Mozilla delivers first Firefox 4 release candidate
8 months and 8,000 bugs later...
Mozilla has announced the first Firefox 4 release candidate, after eight months of beta testing on the latest version of its open source browser.
The RC is available for Windows, Linux, and Mac in 79 different languages. You can download it here. If you're already testing the beta, you'll be automatically updated.
The new build offers "general stability, performance, and compatibility improvements" as well as myriad bug fixes. According to Mozilla, it has fixed more than 8,000 bugs since the first beta was released in July of last year.
The open source outfit says that more than 70 per cent of Firefox add-ons are now compatible with the new browser. You can help test additional add-ons using Mozilla's Firefox Add-ons Compatibility Reporter.
This is the last version of Firefox to be built over such a release cycle. After Firefox 4, Mozilla will switch to a quarterly release cycle, planning to launch four versions of its desktop browser in 2011.
In the past, the open source outfit has released a new version of the browser every 12 to 18 months or so. Presumably, the change to a quarterly cycle is a response to Google, which now releases a new version of Chrome every six to eight weeks.
I want to like it...
Firefox 4 beta (I've been using it since b9) has been very stable for me. I've had no major memory issues (though I'll admit, my desktop and laptop each have 8GB of RAM).
That said, I found tabs-on-top annoying (I moved it, but why try to be like Chrome?). I also found it annoying that they switched the Home/Refresh button locations, and the "Open In New Tab"/"Open In New Window" contextual clicks. Some of this is just being a curmudgeon, but some of it really is making me move my mouse further from the web page I want it to be on. The tab behavior and home/refresh seem especially counter-intuitive.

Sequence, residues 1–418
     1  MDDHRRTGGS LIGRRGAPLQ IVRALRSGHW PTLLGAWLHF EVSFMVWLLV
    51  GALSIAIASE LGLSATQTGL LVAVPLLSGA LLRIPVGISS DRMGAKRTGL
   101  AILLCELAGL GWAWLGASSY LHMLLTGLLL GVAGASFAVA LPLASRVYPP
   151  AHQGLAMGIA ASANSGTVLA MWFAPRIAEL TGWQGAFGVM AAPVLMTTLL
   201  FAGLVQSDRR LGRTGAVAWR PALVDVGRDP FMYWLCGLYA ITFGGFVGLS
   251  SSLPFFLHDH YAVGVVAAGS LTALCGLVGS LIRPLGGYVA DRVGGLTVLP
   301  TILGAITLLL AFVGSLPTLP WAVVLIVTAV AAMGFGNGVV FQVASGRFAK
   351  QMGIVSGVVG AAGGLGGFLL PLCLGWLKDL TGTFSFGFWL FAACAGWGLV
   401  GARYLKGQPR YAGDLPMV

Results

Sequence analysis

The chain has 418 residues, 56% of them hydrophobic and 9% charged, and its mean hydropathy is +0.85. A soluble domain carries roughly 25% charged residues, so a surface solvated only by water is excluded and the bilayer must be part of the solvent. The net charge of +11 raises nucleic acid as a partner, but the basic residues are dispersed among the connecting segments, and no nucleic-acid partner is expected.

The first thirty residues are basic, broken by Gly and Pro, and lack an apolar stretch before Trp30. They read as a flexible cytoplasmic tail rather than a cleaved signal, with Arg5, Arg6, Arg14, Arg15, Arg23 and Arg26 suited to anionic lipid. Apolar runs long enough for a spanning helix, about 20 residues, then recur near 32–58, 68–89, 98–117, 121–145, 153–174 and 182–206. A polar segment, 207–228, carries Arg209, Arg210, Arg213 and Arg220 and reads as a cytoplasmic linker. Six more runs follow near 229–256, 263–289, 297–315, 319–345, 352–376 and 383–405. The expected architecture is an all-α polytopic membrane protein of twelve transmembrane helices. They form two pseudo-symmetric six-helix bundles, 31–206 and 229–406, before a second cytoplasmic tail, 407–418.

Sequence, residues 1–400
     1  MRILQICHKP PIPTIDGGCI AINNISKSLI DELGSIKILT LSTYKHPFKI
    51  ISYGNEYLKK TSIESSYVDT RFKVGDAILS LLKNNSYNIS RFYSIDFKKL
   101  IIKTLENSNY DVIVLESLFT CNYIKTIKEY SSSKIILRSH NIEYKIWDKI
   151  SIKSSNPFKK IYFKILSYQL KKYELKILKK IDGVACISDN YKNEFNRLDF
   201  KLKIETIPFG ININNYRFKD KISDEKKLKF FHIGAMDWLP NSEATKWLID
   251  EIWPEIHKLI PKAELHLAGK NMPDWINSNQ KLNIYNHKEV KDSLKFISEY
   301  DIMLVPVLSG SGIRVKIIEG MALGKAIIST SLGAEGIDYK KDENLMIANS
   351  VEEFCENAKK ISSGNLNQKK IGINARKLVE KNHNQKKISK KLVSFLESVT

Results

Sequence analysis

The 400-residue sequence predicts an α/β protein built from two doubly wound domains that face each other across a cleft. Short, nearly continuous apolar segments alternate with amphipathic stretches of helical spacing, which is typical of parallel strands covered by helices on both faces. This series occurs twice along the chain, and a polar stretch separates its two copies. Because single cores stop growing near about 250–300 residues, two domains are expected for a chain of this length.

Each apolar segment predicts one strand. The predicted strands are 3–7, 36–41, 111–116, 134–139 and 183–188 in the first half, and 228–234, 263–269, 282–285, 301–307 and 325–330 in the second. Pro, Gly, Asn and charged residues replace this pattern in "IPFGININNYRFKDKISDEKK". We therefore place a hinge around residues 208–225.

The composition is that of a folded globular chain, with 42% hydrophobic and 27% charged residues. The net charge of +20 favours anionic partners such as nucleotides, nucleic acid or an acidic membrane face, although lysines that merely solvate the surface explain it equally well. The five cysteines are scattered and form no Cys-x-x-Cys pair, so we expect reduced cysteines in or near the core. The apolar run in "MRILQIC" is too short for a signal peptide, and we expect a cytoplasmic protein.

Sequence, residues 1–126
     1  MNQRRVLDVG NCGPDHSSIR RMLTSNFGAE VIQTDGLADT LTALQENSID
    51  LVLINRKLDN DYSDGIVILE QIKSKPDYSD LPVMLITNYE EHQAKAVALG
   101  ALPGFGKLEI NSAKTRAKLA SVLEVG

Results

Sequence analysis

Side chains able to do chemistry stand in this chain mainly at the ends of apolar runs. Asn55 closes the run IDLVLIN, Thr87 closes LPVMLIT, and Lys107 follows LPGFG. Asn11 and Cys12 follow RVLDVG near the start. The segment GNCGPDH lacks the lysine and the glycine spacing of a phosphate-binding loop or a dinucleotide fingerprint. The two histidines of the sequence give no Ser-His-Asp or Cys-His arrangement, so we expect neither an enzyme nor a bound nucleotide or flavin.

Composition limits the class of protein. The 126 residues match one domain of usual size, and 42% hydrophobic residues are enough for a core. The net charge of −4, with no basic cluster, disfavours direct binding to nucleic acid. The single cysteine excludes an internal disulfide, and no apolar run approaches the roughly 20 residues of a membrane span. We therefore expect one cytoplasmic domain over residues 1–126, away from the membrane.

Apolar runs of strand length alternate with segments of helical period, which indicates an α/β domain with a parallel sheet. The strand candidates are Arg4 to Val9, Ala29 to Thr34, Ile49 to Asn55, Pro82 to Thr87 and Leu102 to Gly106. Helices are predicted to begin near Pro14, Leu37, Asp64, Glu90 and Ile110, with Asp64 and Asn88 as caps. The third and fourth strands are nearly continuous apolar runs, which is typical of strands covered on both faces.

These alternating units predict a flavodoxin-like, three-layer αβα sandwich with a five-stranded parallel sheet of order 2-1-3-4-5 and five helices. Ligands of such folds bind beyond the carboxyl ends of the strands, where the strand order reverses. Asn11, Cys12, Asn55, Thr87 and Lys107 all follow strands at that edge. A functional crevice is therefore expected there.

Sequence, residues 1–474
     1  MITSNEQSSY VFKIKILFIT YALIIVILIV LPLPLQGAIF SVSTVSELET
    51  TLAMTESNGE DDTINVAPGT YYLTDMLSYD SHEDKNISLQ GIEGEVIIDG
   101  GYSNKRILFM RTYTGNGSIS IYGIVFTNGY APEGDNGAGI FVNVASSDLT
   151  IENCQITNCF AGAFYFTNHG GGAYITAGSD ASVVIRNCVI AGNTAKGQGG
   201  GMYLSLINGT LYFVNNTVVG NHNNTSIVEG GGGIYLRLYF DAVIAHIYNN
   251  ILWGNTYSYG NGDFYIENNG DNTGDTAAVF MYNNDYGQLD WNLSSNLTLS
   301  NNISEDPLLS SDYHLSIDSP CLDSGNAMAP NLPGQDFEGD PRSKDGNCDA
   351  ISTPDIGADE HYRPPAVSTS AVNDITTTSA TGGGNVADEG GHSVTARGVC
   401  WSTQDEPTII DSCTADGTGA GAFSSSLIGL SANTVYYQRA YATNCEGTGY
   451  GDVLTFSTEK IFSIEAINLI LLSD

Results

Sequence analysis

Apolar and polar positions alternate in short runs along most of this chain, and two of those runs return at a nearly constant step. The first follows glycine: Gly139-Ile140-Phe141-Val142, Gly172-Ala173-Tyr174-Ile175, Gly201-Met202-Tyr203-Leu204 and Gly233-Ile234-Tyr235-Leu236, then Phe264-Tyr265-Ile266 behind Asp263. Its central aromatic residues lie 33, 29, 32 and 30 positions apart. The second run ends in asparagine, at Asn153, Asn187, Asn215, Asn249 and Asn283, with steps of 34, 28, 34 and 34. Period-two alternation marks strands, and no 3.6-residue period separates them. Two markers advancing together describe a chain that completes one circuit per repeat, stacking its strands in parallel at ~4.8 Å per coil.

Finally, page rendering is barely faster than FF 3.6. While page loads are acceptable, in comparison, IE9 RC is lightning-fast, and Chrome is quick as well. This is the true disappointment. I hope it's just debugging code, but I doubt it.
Still, without Adblock Plus for (insert browser here), Firefox still wins. While I've loved Firefox since 2.xx days, I find it a bit ironic that a single add-on is the biggest reason I'm still using it. I really hope they'll work on page load speeds.
I've been using FF4 for a couple of weeks now. I have found it more stable than any of the later versions of FF3: for instance, it doesn't seem to keep tripping over the Flash add-on, which I was having with FF3. There are still several of my favourite add-ons that don't work with FF4, but I'm assuming the devs are waiting until they know what their target is.
It does seem to be a bit quicker loading from cold, but pages don't seem to render any quicker. Annoyingly, Mozilla have shifted buttons around from the places they used to be (Home and Refresh, for instance), and tabs are over the navigation bar by default, which seems to be odd, though it is probably just what I got used to. However, a few minutes looking through various menus got it all back to the way I like it.
Unfortunately, we are never going back to the days of FF2, which was just about the best iteration of the program I used. Bling counts, and unless another browser comes along that is as secure and configurable comes along (and I haven't found one yet, though I'm open to suggestions), I'll stick with FF.
The whole idea behind Google's development cycle is that they *do not* oblige to specific features in each version. That way they evade the programming death march. The Mozilla leadership missed the whole point.